BC saw a similar trajectory, with tracking several ten-figure quarters in 2021, before investment dropped significantly in 2022. The first quarter of this year marked one of BC’s lowest for investment in the last three years.

“Deal-making is happening. But the cadence has slowed down,” in Q2, said Brenda Irwin, founder and managing partner of Vancouver-based Relentless Venture Fund. “I believe we have yet to witness the painful attrition for companies that have not demonstrated objective value creation since their 2020 and 2021 rounds of funding.”

Q2 23 BC - Dollars Deals
BC’s tech startups raised $639.6 million in Q2 – a 573 percent increase quarter-over-quarter. (Source:

More eggs in fewer baskets

The recent increase in investment in Toronto and BC was less a product of ecosystem activity. According to’s data, Toronto saw twice the number of deals in Q2 2023 compared to Q1 2023, but deals decreased year-over-year. Similarly, BC saw the highest deal count in the last few quarters, with 16 deals in Q2. However, the region saw a 24 percent decrease in deal volume year-over-year.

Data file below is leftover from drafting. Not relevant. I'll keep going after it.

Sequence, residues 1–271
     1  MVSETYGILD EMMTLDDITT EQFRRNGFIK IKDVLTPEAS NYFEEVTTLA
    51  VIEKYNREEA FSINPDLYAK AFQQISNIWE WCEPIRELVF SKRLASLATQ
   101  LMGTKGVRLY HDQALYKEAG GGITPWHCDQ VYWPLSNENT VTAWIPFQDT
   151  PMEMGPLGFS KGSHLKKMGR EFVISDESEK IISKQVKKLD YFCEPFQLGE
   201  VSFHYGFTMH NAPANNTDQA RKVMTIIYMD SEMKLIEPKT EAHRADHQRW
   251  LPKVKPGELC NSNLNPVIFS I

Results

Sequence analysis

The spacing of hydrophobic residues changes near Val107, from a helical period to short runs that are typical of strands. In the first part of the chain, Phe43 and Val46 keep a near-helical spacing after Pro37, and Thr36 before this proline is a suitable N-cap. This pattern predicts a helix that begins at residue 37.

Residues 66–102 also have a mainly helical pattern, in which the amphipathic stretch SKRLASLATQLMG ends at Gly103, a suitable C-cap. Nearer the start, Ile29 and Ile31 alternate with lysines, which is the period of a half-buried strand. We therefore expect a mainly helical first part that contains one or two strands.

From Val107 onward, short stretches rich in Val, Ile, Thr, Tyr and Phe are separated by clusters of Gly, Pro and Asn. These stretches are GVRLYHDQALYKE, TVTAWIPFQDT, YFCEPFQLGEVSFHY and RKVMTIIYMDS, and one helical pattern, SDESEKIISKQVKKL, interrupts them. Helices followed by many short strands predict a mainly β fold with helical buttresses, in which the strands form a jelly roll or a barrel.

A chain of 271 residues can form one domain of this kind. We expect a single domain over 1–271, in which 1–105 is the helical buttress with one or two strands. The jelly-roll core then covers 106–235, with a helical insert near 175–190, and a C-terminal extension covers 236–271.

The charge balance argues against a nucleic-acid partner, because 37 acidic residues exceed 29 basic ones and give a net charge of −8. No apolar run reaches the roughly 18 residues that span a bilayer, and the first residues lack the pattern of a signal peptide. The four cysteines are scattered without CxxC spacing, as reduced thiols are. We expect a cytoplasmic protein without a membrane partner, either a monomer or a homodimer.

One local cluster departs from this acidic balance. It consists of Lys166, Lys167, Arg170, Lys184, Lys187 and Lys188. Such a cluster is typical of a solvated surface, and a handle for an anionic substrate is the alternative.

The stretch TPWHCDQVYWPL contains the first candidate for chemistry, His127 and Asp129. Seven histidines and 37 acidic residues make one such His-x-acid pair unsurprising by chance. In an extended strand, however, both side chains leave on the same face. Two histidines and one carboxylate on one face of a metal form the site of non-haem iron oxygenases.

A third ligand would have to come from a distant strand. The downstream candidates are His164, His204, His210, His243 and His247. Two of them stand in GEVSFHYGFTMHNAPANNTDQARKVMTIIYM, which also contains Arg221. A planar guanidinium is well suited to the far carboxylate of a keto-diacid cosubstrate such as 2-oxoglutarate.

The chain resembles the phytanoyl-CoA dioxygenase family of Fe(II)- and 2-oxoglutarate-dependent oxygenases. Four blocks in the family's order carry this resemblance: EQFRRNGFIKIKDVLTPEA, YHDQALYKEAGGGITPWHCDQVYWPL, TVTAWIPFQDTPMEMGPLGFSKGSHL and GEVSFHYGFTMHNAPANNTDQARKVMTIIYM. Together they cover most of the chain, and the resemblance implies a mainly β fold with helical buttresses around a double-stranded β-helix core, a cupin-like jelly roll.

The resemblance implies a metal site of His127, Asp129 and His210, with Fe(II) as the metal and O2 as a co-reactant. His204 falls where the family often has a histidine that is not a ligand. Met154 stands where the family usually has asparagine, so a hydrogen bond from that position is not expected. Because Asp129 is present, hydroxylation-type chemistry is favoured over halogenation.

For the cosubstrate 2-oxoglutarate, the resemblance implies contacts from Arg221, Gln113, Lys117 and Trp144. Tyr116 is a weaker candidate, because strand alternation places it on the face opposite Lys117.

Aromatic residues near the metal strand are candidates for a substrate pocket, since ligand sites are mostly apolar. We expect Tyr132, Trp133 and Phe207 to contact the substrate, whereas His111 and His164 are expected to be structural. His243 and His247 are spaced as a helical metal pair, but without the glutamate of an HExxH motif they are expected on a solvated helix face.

What could be propelling the investment recovery is the resurgence of megadeals, or deals valued at more than $100 million. In Toronto, tracked two such deals: Cohere’s $360.3 million Series C funding round and Kepler Communications’ $124.3 million Series C funding round, which together accounted for nearly half of all funding raised by Toronto companies in Q2.

Since the end of 2021, megadeals in both Toronto and BC have crept down quarter-over-quarter in both regions and in Q1 2023, deals of this size were entirely absent from both ecosystems. Nine-figure rounds made an apparent comeback in the second quarter of 2023, which Daniels takes as a sign that startups with real market momentum are still getting funded. Still, he noted that expectations around these deals have changed and that diligence is now “more comprehensive, and deals are taking longer to close.”

“VCs are putting more money to work in a number of deals aligned to a more concentrated portfolio construction,” Daniels added.

In BC, tracked several megadeals, including AbCellera’s $300 million raise, Abdera Therapeutics’ $142 million Series B funding round, and LayerZero’s $120 million Series B funding round. These three deals alone accounted for 87 percent of all funding raised in BC during Q2.